Twitter gets redesigned with less clutter and a new font

The microblogging social media platform Twitter has started rolling out a newly redesigned interface to its web and mobile application. The major difference is the company using its new proprietary typeface named Chirp.

The font was introduced back in January this year and the company says that one of the main advantages of Chrip is that it can align the text of tweets written in Western languages to the left-hand side of the typeface. This should make it easier to read content when scrolling down the timeline.

Previously, the company had relied on fonts like SF Pro, Roboto, and Helvetica Neue. Twitter has also tweaked the usage of color on its platform to be more high-contrast. You will notice that there’s a lot less Twitter’s blue color.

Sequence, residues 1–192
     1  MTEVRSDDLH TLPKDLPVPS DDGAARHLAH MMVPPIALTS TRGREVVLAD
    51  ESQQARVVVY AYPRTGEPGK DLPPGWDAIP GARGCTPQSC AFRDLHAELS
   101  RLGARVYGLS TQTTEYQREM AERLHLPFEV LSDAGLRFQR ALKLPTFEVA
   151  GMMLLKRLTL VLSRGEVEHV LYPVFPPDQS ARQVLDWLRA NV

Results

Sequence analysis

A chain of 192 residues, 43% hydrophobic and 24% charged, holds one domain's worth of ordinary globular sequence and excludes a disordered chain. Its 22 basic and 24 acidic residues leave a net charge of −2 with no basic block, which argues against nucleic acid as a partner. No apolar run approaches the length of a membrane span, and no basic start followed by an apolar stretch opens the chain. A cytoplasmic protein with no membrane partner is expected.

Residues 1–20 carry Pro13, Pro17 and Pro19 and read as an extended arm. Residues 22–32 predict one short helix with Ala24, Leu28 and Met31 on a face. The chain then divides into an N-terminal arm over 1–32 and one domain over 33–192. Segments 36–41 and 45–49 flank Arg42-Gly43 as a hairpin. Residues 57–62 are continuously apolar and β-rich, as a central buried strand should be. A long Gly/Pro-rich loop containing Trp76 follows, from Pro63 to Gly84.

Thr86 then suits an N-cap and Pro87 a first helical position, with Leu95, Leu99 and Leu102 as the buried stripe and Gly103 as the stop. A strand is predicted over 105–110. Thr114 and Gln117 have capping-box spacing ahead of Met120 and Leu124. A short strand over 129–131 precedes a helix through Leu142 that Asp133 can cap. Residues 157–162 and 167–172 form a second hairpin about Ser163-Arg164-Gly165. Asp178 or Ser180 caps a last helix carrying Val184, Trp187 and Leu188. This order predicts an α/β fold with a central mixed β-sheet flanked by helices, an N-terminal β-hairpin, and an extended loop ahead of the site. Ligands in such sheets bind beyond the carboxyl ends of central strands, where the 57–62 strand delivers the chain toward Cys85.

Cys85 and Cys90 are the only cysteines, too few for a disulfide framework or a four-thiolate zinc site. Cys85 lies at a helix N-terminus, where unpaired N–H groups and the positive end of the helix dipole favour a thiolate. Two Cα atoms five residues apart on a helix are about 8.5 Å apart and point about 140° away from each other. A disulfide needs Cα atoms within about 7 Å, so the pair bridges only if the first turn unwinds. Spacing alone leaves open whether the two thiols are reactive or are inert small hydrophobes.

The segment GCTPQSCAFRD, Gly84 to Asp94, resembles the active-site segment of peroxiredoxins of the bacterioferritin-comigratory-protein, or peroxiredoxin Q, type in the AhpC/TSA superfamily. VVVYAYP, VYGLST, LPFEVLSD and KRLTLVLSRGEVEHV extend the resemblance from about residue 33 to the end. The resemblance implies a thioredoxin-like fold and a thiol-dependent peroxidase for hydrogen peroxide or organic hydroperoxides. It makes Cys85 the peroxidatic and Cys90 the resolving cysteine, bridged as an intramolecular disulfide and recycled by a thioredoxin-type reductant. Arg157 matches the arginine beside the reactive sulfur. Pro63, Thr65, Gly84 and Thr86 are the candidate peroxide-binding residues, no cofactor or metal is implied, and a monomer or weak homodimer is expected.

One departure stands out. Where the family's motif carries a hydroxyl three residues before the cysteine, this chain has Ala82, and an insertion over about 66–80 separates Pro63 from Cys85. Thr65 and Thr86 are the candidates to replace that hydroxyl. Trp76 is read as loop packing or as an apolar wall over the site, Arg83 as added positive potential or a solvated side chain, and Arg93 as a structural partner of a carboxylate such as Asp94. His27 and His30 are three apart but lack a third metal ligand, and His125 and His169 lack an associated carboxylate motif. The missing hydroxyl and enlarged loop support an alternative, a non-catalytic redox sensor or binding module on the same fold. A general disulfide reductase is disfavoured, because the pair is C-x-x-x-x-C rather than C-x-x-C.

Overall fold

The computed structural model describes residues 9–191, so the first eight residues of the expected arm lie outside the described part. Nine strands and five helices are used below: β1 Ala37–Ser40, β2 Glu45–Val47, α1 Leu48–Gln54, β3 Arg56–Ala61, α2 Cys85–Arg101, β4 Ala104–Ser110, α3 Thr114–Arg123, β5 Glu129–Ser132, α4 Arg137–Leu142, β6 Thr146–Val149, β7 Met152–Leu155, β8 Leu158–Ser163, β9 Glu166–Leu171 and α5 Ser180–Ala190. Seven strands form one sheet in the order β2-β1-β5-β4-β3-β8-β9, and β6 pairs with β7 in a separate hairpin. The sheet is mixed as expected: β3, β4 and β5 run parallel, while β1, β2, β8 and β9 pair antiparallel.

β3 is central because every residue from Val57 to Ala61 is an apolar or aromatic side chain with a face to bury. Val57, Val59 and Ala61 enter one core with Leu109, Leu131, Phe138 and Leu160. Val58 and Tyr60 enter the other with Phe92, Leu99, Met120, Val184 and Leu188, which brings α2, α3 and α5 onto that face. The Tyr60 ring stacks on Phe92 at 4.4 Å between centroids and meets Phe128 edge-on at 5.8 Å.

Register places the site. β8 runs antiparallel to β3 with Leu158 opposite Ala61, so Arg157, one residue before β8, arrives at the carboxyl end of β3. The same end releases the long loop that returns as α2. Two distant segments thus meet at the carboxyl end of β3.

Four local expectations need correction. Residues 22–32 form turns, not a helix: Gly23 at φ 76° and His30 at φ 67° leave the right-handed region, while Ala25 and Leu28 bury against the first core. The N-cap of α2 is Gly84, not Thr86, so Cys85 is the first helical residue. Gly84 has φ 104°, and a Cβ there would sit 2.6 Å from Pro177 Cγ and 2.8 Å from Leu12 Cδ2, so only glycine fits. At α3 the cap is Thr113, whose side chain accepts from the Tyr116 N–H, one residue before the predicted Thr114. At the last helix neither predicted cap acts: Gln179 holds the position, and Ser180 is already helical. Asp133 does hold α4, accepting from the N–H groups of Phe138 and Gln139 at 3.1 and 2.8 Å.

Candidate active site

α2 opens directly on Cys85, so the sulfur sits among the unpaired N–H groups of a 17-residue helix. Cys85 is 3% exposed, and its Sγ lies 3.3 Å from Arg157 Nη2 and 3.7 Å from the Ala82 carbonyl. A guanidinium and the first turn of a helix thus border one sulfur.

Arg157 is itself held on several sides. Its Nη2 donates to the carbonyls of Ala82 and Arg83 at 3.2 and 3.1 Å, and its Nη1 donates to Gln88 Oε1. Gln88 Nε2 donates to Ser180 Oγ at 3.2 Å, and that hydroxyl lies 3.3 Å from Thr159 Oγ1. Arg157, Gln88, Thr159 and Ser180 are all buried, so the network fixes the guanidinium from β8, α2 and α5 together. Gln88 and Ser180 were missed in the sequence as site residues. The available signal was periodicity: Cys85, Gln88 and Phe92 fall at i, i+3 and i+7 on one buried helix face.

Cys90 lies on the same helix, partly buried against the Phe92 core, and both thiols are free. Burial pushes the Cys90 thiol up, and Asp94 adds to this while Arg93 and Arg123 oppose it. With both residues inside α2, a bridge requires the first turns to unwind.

The tweets and navigation have shifted to black when using the default Twitter theme with the White background. The company adds that buttons, like the “Follow” button, are aimed at making the most important actions stand out.

The redesign has removed some of the visual clutter on the screen, including the “unnecessary divider lines.” There are fewer gray backgrounds, as well as increased space to make the text easier to read.

It seems that the company is gearing up for the next phase of the social media platform and these changes will have a bigger impact when it rolls out the expanded set of features, including the Super Follow, e-commerce shopping features, a subscription service for power users, live audio with Spaces, redesigned bookmark collections, and more.

Twitter has said that these changes are just the start of more visual updates to come, though it didn’t hint at what those future tweaks may include.